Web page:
With digital systems the power demands of modified cars run up against the power demands of multiple lane change gates to make power system upgrades, especially the separate powering of the lane changers, even more necessary. None of the stock power systems that come with digital race sets will go very far with either before needing to be upgraded. Modified cars require power upgrades on conventional tracks, too, but most people who are not engaged in all-out organized competition can add plenty of performance to their cars without needing to go beyond a simple plug-and-play installation of one standard power supply per lane. On this last point you’ll get vehement disagreement from some posters on slot car bulletin boards. However, our long-term experience demonstrates that for most slot car hobbyists it’s more important to equalize their cars at a performance (and cost) level and set of driving characteristics they enjoy than to take every car to the outer limits of the performance envelope. This great majority of home slot car racers simply doesn’t need extreme power upgrades.
These are the basic issues that affect your choice between conventional and digital slot car racing. Both are great fun and each has its advantages and disadvantages. You may very well want further advice or information after reading this, and we invite you to call us at 310-858-8540. We’ll be glad to have one of our technical experts give you all the help you need in making the best choice for you.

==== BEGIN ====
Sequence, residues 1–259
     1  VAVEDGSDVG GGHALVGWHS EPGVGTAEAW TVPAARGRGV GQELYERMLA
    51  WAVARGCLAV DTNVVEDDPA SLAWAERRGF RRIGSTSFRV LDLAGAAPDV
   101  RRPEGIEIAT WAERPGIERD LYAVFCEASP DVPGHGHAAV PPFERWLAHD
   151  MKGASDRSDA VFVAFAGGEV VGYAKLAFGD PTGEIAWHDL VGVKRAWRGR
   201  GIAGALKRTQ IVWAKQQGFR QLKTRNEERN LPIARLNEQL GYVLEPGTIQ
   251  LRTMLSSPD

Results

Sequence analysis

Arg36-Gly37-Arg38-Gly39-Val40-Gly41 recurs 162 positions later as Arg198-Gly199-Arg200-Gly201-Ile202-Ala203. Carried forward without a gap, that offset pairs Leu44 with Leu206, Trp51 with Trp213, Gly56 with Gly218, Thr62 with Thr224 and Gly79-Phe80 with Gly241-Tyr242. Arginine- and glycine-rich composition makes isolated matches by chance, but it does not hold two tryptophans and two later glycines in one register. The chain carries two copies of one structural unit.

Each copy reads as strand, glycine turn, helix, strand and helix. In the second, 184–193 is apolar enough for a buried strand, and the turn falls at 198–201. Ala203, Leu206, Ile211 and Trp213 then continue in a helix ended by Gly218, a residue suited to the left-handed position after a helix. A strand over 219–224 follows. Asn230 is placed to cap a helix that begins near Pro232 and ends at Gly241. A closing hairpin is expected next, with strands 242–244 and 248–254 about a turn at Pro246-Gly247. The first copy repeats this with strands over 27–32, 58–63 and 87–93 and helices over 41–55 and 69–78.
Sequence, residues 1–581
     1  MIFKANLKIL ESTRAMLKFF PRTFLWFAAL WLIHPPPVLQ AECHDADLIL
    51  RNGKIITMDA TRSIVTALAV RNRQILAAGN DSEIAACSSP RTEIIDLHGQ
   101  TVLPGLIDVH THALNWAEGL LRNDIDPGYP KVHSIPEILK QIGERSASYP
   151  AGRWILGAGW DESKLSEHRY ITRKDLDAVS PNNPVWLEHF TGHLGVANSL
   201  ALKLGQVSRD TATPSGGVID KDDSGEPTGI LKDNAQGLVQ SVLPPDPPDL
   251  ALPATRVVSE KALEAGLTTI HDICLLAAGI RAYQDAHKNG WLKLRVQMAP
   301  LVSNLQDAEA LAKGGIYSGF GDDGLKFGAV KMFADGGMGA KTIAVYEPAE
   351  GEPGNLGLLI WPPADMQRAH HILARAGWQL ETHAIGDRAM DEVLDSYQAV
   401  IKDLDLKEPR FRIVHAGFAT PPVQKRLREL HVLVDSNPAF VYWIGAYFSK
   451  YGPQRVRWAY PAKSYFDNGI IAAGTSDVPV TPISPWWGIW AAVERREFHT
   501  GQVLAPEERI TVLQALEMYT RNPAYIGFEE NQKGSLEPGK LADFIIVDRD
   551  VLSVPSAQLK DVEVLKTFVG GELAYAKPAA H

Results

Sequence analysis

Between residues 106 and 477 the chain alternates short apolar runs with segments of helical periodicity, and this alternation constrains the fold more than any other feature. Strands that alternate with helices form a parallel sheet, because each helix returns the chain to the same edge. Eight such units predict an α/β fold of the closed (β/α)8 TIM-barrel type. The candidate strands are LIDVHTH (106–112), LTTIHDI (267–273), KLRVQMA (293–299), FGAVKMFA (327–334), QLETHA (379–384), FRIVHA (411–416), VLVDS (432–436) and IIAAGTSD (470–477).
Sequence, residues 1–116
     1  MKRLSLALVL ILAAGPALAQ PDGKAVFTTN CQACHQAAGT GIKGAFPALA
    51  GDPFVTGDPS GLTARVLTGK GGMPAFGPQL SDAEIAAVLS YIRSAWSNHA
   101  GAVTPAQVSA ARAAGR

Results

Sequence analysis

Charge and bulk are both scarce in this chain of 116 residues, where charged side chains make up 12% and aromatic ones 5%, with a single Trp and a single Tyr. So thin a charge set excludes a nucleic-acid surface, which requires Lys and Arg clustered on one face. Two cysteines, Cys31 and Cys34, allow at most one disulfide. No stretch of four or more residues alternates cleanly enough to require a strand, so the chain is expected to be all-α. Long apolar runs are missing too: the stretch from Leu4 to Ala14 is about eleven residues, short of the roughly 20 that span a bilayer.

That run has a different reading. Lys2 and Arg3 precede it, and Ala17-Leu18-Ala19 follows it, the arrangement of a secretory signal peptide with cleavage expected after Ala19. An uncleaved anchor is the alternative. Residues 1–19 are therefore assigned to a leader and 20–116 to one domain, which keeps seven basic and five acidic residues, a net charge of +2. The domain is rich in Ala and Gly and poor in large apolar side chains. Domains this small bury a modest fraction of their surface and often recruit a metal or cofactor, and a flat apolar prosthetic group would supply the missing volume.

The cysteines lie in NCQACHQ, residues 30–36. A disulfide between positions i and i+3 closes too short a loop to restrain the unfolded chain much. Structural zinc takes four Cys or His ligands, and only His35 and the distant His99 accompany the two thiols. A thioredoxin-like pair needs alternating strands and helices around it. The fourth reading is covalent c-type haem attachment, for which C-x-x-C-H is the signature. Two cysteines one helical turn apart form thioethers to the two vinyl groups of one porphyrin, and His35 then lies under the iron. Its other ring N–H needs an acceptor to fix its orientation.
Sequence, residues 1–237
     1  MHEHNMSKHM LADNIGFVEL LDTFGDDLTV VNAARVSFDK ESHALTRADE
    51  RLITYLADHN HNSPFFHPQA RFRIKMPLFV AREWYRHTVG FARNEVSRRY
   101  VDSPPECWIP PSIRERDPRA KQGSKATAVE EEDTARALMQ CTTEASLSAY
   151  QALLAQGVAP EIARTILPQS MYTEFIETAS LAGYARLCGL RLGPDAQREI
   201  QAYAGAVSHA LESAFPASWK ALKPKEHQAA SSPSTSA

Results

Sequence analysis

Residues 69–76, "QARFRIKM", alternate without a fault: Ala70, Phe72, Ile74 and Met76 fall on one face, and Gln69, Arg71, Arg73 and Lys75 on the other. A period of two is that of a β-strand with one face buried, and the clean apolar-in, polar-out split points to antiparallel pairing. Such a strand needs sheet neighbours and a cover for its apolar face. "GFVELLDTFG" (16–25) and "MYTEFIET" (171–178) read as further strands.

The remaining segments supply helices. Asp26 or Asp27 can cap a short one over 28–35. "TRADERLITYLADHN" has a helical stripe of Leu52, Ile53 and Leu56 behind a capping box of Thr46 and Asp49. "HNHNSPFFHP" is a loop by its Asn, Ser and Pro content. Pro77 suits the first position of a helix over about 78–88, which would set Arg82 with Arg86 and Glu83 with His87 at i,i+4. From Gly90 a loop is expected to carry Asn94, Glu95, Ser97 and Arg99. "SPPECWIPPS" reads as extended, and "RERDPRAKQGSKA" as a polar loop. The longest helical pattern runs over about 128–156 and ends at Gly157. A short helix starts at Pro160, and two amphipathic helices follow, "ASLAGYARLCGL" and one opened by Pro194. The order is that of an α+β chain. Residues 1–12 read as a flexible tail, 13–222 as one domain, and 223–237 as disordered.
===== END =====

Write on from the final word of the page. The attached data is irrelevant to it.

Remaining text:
In our last newsletter we published an article which included this statement: “Both conventional and digital cars can be equipped with different tires, traction magnets, and even motors to increase their performance.” This is true but requires some clarification. Digital chips are limited in their ability to handle the increased current requirements of cars with high-performance motors and very strong magnets. At some point a digital car modified in these ways will pull enough current through the chip to cause its failure. Other kinds of performance upgrades, such as a change of gear ratio or the use of aftermarket tires of the same diameter as the car’s original tires, do not significantly affect current draw and therefore can be done safely. In many cases there is room for some level of motor or magnet upgrade to a digital car before chip failure happens, but purchasers of digital systems should understand that modifying digital cars for increased performance voids all warranties and is, therefore, done entirely at their own risk.
If you have a question or comment on this article please send it to email@example.com.